A. Mercier, H. Bradacs, H. Atwood
Dec 11, 1992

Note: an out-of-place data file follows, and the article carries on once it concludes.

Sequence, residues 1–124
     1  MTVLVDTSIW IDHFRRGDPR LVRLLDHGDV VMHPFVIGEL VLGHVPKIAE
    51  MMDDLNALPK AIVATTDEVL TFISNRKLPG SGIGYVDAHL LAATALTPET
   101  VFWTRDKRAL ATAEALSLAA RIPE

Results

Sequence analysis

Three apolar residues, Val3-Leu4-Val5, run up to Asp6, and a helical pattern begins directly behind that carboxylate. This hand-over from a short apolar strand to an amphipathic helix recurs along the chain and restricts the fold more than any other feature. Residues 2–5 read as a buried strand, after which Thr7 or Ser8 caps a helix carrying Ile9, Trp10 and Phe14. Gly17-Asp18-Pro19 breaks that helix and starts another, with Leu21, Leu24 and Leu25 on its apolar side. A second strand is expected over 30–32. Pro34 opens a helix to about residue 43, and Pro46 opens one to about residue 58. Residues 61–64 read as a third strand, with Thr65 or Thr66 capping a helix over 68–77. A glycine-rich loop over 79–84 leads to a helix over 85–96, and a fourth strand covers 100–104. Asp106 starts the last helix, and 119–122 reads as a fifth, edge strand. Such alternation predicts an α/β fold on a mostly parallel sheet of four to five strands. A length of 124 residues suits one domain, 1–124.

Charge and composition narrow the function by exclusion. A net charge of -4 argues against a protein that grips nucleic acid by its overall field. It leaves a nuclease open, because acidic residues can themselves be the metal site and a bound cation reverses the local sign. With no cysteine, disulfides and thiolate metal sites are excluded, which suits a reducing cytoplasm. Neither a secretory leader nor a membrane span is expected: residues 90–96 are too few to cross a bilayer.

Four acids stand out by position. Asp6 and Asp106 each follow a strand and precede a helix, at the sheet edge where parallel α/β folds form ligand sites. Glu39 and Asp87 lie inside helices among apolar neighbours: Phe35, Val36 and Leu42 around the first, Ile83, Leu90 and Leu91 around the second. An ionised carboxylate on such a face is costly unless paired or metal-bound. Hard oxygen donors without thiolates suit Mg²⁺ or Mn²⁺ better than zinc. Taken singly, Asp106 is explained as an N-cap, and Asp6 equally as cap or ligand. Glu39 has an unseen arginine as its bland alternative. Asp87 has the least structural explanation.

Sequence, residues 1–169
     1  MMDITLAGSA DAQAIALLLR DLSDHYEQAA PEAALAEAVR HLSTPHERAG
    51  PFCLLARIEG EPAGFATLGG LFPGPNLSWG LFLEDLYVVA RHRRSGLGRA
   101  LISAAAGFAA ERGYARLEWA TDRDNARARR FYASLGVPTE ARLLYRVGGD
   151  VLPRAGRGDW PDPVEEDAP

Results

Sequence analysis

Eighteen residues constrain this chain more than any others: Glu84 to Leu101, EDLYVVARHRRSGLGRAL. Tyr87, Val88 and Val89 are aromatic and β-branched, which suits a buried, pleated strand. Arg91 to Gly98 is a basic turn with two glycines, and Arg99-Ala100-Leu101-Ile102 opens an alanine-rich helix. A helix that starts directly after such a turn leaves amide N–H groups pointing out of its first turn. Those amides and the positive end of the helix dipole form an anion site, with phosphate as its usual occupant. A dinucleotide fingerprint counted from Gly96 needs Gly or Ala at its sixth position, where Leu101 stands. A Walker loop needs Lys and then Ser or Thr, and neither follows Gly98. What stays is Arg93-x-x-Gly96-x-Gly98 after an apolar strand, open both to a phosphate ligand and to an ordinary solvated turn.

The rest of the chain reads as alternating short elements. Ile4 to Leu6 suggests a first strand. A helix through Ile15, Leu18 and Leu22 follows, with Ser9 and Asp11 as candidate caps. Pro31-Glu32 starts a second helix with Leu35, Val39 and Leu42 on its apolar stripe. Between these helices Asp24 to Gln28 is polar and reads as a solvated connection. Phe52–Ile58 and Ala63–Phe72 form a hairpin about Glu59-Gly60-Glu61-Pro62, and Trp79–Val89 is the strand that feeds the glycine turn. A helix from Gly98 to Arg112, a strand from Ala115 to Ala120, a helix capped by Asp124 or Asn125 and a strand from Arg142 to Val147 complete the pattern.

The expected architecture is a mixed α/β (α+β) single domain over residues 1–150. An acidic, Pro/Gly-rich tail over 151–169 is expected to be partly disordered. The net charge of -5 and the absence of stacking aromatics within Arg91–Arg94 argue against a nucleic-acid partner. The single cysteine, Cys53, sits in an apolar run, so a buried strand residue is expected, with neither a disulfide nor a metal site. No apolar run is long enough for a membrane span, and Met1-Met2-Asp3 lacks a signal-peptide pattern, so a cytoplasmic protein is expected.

Increasing the impulse activity of crustacean neurons for a few days causes long-lasting changes in transmitter release, which are termed 'long-term adaptation' (LTA) in previous studies. Both the amount of transmitter released at the beginning of a stimulus train, and synaptic fatigue during repetitive stimulation, are reduced. The present study examines the dependence of these synaptic changes on the frequency and number of impulses used to elicit LTA. Fatigue resistance develops consistently when crayfish phasic motor neurons are stimulated for 3 days with as few as 9,000 impulses per day, and occurs in response either to low frequency stimulation (0.2 or 0.5 Hz), or to stimulation in short bursts at a moderate average frequency (2.5 Hz). In contrast, the reduction in initial transmitter release does not appear consistently when the frequency and number of impulses are both low (9,000 impulses per day delivered at 0.2 Hz), but does occur at the moderate stimulus frequency (2.5 Hz) and when a larger number of impulses (18,000) are delivered at a low frequency (0.5 Hz). The data suggest that the two changes in synaptic transmission that comprise LTA have different stimulus requirements.